CUSCO, PERU – Yesterday I went up Machu Picchu, one of the most famous archeological sites in the world, and hiked up Machu Picchu Mountain (3061m), the mountain after which the site is named – and on whose slopes it sits.
The Inca Trail, of course, is the most famous way to get to Machu Picchu, but it’s also the most expensive – and requires reservations way in advance. Since I just decided to go to Machu Picchu the week before, I had to look for alternatives. Fortunately, I discovered that there’s actually various hikes that one can do – going to, going around, and going beyond the mountain. Most of them are actually also Inca trails, characterized by stone steps.
The day before the hike up Machu Picchu Mountain, I already did an afternoon hike around Machu Picchu, trekking to the Inca Bridge with a plank of wood that they can easily remove to prevent enemies from approaching, and to the famed Temple of the Condor near the trailhead to Huayna Picchu. Because the late afternoons are the only times when there won’t be any crowd. I wanted to bask in the beauty of the site and take pictures without the crowd – so that when I actually do the hike, I can go straight to the Montaña without bothering with the famous attractions within the site.
The following day, I started my hike from the town of Aguas Calientes, also known as Machu Picchu Pueblo, after taking a colectivo from Cusco to Ollantaytambo, then a train (Inca Rail) from Ollantaytambo to Aguas Calientes. From Aguas Calientes (2030m), I took the hiking trail (“Camino Peatonal”) up Machu Picchu, which initially involved walking on the bus road – before entering a stone path.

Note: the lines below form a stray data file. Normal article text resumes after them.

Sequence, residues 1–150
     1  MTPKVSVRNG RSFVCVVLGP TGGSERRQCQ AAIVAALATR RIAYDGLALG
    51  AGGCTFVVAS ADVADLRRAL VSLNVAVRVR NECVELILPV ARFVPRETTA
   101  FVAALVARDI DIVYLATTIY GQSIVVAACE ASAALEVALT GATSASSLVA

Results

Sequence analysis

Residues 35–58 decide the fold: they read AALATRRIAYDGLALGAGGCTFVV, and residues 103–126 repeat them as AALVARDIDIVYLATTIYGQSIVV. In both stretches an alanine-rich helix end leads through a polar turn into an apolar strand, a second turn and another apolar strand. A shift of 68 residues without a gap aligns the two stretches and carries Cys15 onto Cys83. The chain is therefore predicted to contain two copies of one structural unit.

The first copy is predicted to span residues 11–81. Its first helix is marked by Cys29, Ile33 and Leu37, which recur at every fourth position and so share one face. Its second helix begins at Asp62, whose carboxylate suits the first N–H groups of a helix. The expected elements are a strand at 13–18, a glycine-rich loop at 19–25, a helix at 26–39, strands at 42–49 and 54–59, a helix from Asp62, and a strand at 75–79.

As I was about to go up this trail, a dog appeared in front of me and began following / guiding me up! I called him Allqu, the Quechua term for dog. Allqu accompanied me all the way through the well-established stone trail (with several road crossings) to the park entrance of Machu Picchu. It took me less than an hour to do the Camino Peatonal.
Once inside Machu Picchu I immediately headed up to the trailhead of Machu Picchu Montaña. The trail was again composed of a stone footpath that gradually narrowed and got steeper as we went higher. Only 400 hikers are allowed per day up the mountain, and many of them are tourists, so it took me just half the estimated time of 2-2.5 hours to reach the summit.
The fact that the highest point was just over 3000 meters meant that my lungs had a much easier time compared to the 5035-meter Rainbow Mountain the other day!
At the summit the views of Machu Picchu were stunning, and you could seen Urubamba River meandering its way around the beautiful peaks. Huayna Potosi, of course, towers above the ruins.
From the summit the descent was straightforward – though care must still be applied as the trails are narrow and one wrong step can kill you especially if you are careless (a German tourist died in Machu Picchu Mountain last July while posing for a photo). Back the main ruins, I did some further exploring but there were too many people compared to my relatively-solitary walk the other day. So after a while I returned to Aguas Calientes and took the train back to Cusco.